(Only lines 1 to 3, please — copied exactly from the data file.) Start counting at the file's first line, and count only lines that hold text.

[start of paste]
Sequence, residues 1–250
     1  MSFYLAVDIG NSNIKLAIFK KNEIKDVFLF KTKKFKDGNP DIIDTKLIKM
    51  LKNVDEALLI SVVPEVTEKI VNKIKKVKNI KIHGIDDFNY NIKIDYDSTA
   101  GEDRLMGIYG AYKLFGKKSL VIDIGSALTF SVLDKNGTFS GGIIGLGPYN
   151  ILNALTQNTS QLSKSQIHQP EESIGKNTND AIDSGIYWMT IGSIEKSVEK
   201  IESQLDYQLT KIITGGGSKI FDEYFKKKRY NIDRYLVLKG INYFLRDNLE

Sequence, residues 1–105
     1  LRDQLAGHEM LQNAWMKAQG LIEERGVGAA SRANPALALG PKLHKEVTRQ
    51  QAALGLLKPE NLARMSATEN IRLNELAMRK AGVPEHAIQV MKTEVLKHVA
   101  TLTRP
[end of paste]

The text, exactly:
Sequence, residues 1–250
     1  MSFYLAVDIG NSNIKLAIFK KNEIKDVFLF KTKKFKDGNP DIIDTKLIKM
    51  LKNVDEALLI SVVPEVTEKI VNKIKKVKNI KIHGIDDFNY NIKIDYDSTA